A House of Lords Committee has echoed concerns raised by Women’s Aid Northern Ireland about the ‘rape clause’ and 2-child tax credit cap. The Secondary Legislation Scrutiny Committee has hit out at the provision brought in by the Conservative government, which requires women who conceive a child through rape to report to benefits assessors if they are to be given additional child tax credits.

Women’s Aid and other organisations across the UK have roundly condemned the so-called ‘rape clause’, and the 2-child cap which limits child tax credits to only 2 children per family. The rape clause will not only re-traumatise victims of rape by forcing them to disclose details of their ordeal before they are ready, it will also force them to name the child conceived from rape on an official form and require them to no longer be living with their rapist if it is their partner. These requirements risk stigmatising children, pushing women and children into poverty, and placing women and children at risk of harm if they leave an abusive household without appropriate safety planning or risk assessment in place.

The Secondary Legislation Scrutiny Committee already targeted the rape clause for criticism earlier this year, warning the Government that the rape clause “would be much more difficult to assess and DWP did not, at that stage, appear to have made adequate arrangements for doing so.”  Most recently, the Committee has hit out at the working of the policy in Northern Ireland, where a local law requires all serious crimes, including rape, to be reported to police.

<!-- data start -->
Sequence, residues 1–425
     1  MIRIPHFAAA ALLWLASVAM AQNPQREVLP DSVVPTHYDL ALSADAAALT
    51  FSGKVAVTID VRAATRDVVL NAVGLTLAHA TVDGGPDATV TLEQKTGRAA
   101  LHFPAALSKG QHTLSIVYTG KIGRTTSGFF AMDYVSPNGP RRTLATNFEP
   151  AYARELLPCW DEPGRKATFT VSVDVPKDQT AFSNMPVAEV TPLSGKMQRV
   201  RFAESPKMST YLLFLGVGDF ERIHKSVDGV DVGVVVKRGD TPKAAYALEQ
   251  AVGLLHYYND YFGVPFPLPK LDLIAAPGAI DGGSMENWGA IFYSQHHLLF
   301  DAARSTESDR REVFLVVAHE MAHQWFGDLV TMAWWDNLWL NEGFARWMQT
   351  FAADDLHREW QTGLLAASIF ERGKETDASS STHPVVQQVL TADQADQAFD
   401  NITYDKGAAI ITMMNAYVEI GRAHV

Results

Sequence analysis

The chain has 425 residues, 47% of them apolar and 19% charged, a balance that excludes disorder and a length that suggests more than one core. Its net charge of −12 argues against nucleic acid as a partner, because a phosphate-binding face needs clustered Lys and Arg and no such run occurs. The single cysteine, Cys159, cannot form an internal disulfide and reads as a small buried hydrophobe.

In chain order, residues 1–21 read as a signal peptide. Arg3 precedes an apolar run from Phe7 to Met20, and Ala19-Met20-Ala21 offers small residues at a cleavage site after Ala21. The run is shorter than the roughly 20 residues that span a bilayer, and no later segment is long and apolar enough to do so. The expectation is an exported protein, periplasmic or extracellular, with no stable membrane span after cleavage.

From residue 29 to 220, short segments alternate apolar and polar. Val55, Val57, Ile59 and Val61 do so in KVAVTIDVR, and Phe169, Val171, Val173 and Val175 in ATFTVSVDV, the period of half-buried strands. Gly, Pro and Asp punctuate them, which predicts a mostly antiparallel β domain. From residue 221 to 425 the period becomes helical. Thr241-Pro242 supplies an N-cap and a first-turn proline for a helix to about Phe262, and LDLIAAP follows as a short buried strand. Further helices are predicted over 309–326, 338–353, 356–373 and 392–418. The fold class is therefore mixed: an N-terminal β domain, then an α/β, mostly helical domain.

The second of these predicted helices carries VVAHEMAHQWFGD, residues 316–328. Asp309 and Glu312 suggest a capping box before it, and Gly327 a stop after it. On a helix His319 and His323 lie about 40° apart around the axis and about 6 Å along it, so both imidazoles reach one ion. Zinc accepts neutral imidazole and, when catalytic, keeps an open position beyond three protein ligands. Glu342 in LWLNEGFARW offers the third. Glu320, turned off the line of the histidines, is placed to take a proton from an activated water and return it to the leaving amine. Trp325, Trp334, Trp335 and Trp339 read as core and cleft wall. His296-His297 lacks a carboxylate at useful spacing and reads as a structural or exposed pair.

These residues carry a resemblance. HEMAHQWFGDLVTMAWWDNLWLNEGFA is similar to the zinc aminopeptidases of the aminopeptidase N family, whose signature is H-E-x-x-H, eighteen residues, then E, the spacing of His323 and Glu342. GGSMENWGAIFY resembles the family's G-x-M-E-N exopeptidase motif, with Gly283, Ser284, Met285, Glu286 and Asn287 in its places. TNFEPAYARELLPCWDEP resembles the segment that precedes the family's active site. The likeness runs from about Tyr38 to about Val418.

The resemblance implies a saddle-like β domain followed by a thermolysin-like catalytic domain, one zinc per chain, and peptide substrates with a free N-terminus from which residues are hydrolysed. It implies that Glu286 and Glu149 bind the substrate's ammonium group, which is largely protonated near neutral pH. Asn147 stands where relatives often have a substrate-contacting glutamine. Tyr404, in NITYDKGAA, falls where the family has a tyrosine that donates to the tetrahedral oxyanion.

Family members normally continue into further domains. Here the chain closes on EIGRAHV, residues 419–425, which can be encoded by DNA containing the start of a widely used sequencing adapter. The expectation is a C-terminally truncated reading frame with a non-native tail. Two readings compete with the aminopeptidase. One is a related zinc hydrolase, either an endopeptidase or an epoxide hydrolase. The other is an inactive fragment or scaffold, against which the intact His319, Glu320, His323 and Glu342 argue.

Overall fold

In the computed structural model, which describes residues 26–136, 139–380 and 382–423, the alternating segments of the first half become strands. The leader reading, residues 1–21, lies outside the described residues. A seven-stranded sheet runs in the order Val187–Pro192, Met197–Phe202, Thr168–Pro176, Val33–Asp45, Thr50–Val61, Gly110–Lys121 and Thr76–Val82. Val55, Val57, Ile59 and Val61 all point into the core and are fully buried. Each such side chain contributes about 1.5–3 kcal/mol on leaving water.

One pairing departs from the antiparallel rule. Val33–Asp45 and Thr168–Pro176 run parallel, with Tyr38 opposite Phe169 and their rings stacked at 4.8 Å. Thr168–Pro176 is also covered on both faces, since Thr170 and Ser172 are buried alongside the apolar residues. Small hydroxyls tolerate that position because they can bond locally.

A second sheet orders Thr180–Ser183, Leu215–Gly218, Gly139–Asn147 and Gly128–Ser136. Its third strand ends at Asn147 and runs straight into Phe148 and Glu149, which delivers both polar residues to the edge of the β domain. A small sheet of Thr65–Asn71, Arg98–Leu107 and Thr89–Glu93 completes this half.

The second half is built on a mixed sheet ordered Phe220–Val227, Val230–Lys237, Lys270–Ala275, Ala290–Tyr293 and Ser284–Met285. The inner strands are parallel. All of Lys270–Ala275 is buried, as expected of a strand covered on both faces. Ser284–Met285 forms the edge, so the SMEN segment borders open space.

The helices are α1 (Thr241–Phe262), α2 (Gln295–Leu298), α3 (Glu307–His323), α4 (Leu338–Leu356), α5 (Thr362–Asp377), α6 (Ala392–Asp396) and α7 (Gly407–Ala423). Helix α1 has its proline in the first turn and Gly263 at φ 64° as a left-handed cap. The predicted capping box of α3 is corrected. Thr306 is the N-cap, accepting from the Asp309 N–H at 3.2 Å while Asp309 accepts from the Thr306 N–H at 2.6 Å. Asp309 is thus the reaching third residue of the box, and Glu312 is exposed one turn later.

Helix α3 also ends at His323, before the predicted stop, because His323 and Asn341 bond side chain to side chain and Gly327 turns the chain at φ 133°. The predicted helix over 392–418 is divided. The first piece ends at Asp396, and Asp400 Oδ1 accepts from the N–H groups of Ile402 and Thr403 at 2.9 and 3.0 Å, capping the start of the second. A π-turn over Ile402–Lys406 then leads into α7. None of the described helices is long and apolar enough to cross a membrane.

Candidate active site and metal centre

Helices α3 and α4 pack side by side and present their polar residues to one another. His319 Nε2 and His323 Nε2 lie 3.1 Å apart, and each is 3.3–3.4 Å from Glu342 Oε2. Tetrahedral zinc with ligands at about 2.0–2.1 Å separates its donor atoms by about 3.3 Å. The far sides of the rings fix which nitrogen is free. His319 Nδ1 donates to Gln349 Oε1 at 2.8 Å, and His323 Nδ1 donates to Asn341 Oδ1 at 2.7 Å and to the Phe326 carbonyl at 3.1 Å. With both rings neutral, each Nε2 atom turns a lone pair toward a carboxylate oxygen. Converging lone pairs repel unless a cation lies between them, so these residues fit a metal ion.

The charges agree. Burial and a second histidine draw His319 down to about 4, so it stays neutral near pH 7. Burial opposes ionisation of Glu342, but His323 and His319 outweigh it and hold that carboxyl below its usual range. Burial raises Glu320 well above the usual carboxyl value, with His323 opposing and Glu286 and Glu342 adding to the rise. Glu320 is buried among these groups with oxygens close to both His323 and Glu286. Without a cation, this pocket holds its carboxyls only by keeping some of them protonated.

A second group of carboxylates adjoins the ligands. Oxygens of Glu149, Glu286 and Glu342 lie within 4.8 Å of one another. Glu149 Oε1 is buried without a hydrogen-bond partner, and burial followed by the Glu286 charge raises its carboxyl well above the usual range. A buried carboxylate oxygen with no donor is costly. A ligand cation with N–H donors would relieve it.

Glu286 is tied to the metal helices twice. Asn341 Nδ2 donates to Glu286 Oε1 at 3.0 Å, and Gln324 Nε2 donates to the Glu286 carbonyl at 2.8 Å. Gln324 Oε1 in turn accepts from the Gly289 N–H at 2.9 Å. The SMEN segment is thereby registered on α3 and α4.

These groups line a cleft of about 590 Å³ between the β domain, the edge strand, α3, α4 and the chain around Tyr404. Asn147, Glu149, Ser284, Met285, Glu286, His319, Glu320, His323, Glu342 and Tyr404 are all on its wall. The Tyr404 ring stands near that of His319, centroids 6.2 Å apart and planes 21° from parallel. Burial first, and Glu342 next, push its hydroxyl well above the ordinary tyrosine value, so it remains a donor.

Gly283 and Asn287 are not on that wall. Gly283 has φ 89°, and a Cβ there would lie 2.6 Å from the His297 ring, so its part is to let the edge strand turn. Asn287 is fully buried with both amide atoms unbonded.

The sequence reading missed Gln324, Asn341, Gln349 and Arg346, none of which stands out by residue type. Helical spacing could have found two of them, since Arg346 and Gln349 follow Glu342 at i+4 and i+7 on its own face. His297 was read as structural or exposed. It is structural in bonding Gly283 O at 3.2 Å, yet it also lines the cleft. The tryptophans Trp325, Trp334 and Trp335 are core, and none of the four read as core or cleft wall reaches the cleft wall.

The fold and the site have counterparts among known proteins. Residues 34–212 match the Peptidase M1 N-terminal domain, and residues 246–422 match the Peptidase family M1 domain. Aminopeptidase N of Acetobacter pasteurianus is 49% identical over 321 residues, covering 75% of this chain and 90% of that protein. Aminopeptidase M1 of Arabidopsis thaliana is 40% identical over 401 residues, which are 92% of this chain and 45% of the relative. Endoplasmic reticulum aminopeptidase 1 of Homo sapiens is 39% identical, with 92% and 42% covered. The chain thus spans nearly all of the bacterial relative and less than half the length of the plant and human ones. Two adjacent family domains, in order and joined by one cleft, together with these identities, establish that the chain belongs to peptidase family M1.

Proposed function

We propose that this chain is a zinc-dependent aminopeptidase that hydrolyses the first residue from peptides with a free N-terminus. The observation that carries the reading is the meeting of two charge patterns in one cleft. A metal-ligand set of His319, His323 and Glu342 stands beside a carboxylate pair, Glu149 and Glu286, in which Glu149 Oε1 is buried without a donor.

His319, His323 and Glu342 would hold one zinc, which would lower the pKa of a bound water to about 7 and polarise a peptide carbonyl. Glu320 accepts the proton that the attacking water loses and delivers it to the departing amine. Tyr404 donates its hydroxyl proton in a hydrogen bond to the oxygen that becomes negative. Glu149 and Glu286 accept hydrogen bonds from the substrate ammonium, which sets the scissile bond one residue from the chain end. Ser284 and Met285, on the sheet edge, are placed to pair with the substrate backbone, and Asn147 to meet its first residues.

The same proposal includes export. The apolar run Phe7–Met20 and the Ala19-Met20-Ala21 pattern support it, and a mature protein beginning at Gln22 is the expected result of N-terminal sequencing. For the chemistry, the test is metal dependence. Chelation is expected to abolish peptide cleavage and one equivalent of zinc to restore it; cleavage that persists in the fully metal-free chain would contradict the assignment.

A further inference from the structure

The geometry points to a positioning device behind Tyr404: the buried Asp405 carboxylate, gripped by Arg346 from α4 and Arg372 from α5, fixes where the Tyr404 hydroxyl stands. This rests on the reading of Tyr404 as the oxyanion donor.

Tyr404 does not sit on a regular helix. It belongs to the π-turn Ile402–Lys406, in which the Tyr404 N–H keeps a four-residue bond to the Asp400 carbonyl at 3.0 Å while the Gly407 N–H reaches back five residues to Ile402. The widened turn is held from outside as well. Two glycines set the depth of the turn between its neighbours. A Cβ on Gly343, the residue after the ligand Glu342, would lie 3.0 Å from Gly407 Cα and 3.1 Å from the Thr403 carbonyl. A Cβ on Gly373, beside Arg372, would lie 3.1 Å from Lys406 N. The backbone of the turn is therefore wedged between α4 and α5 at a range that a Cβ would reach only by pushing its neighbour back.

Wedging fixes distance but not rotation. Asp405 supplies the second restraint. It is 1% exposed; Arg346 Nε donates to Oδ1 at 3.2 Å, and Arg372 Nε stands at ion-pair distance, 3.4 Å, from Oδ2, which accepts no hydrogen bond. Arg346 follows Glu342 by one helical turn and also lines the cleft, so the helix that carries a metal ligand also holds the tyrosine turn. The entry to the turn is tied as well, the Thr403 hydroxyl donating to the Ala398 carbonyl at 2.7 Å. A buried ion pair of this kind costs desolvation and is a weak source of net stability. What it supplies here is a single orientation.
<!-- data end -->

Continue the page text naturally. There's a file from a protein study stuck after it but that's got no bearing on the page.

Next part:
Under section 5 of the Criminal Law Act (Northern Ireland) 1967, anyone who knows or believes that a serious crime has taken place must report that crime to the police, or be guilty of a crime themselves. This means that all organisations involved in assessing ‘rape clause’ applications will be forced to report the cases to police.

Women’s Aid in Northern Ireland is concerned that this will have many serious consequences. Firstly, any benefits assessors, including medical professionals, social workers, benefits office workers and Women’s Aid staff, risk being convicted of a crime if they do not report a rape to police, even if to do so would traumatise the victim or put her at risk of harm. Secondly, the clause may result in police forcing a rape victim to engage with a criminal investigation that she does not have the will or the strength to endure. Thirdly, the fact that section 5 increases the likelihood of the police becoming involved will make it likely that some women will not claim the benefit in order to avoid that risk, leaving them and their children in increased poverty.

We are encouraged that the Committee has highlighted the serious flaws in this law, and has critcised it in the strongest terms possible. Now it’s time for Theresa May’s government to do the right thing and ditch the 2-child cap and ‘rape clause’ for the sake of women, children and families across the UK.